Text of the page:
The term is “right of boom” – it refers to a timeline of a disaster, and what happens after. Even with all the planning, protection and preventative measures in place, someone has to be ready to deal with what happens after. They have to be calm, collected, knowledgeable, and ready to head towards ground zero when a WMD disaster strikes – their actions can minimize the damage, mitigate the effects, and save lives.

We are prepared to deal with the full spectrum of WMD threats, but it also turns out that our expertise is immensely helpful in dealing with disasters when no weapons are involved. Industrial chemical incidents, natural biological hazards, and accidents involving radiological or nuclear materials – they may have happened accidentally, but the results are just as unpredictable and deadly as an intentional attack with WMD.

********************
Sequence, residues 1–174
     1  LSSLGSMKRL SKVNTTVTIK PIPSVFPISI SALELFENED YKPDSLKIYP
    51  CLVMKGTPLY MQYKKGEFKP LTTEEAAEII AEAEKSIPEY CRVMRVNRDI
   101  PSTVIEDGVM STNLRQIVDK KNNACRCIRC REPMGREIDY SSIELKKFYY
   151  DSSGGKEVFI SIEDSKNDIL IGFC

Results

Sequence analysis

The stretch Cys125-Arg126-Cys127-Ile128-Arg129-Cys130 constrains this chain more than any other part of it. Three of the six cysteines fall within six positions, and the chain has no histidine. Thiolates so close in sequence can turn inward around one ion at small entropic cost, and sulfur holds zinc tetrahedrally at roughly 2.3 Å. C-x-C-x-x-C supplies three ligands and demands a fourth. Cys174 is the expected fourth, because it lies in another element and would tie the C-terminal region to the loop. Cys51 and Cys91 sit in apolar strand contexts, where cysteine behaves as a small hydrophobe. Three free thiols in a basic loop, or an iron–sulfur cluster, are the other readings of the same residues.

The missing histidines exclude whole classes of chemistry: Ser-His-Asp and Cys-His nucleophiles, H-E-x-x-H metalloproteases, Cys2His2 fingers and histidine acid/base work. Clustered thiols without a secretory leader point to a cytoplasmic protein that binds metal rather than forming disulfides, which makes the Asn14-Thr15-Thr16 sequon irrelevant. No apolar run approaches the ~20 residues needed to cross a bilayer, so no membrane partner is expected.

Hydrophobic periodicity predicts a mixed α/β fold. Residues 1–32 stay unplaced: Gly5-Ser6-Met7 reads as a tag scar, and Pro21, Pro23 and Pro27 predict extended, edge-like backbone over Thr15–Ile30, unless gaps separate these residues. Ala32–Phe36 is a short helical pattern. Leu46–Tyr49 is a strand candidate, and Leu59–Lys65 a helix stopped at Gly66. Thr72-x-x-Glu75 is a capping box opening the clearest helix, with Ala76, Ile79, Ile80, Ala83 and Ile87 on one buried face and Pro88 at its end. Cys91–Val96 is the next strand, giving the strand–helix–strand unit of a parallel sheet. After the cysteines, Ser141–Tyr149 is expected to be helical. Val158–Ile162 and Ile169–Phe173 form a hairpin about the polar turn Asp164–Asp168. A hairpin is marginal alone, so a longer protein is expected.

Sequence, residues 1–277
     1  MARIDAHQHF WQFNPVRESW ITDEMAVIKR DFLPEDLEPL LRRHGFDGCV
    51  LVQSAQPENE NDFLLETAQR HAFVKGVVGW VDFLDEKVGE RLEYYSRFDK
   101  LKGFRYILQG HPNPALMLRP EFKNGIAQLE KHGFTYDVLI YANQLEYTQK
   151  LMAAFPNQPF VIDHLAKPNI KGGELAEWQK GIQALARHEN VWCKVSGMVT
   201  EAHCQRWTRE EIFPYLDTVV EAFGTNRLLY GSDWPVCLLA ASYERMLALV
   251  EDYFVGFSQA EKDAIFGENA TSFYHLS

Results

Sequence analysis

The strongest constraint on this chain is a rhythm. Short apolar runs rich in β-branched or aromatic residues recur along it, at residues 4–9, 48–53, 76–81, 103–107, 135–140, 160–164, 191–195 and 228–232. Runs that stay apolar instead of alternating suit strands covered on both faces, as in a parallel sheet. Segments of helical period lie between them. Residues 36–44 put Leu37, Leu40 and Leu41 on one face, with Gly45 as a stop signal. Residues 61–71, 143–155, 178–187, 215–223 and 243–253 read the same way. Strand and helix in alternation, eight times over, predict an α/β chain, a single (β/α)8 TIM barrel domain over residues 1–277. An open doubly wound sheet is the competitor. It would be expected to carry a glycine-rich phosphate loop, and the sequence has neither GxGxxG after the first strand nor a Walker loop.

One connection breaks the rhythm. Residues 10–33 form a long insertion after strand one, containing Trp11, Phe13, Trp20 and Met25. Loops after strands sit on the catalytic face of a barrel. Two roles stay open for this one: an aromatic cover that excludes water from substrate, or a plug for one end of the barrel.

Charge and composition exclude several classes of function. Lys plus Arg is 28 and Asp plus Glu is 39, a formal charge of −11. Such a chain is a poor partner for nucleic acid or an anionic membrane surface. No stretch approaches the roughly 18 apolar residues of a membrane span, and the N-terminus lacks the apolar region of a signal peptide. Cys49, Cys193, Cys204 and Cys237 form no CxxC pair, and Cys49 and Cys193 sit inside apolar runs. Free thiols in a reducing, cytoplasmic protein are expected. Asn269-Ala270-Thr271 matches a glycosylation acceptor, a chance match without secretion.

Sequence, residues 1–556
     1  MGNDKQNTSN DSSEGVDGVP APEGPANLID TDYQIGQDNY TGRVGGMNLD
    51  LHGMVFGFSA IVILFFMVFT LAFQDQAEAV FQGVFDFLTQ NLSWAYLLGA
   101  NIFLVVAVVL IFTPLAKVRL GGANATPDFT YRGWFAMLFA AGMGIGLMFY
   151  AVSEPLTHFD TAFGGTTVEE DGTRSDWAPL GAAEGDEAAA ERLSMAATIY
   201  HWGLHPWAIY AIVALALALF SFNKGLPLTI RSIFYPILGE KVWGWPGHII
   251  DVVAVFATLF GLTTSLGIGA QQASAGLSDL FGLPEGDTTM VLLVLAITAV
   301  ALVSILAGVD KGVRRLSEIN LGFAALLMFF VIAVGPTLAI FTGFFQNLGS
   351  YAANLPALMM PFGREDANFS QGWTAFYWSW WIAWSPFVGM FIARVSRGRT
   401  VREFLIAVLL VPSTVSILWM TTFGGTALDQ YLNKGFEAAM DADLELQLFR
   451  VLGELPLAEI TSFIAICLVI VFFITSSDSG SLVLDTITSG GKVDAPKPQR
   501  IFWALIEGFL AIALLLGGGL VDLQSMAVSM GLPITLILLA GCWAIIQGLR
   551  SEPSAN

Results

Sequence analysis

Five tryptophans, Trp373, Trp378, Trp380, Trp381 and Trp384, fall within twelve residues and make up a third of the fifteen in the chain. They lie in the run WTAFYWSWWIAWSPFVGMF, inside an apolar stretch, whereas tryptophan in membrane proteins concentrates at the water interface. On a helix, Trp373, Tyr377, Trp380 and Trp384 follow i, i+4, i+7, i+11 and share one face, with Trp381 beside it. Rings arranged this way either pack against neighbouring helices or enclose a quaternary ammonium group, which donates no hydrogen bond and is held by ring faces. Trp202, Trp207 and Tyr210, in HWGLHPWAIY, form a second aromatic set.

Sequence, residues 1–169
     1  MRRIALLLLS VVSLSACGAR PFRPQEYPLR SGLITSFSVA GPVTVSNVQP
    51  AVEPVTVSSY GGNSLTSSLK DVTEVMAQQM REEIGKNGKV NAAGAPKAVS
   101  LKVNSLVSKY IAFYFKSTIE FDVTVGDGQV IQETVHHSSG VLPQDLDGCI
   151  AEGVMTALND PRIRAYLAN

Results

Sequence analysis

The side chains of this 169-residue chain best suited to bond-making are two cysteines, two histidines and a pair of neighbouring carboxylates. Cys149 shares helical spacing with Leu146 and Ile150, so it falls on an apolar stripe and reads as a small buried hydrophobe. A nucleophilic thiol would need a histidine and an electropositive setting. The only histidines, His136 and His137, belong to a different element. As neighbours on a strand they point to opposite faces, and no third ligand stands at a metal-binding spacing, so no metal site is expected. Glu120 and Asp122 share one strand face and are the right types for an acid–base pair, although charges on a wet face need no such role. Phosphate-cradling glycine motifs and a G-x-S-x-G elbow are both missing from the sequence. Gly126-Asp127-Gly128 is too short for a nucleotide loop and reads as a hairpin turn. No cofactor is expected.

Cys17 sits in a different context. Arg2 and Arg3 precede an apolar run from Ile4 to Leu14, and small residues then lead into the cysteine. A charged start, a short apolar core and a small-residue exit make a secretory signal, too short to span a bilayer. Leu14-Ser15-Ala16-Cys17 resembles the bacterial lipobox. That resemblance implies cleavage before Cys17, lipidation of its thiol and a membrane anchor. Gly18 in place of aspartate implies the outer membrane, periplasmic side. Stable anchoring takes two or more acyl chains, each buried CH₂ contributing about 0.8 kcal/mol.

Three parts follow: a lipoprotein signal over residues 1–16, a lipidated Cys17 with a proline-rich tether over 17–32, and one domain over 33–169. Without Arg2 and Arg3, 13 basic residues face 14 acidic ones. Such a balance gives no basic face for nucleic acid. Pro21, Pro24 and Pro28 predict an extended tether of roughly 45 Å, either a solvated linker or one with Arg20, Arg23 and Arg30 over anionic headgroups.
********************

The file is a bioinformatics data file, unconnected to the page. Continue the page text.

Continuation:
When an outbreak of Ebola in West Africa threatened to grow out of control, we responded with medical countermeasures and innovative technologies. When a tsunami caused a nuclear meltdown near Fukushima, our consequence management experts were in Japan hours later. When war in Libya left WMD stockpiles vulnerable, our elimination experts destroyed its chemical weapons arsenal.  And when warfighters on the battlefield come up against a cache of WMD, their commanders call our operations center and Reachback – the DoD’s “9-1-1” for WMD emergencies, where nuclear physicists, EOD experts, meteorologists, chemical engineers, microbiologists and other Ph.D-level experts are able to analyze, model, predict and advise what to do now and what to do next.

A deliberate WMD attack would have horrible consequences, and we know a natural disaster or industrial accident could be just as devastating. But for the same reason every city has firefighters, we are prepared to respond when the unthinkable happens. We cannot prevent every bad thing from happening, but responding quickly is necessary to Making the World Safer.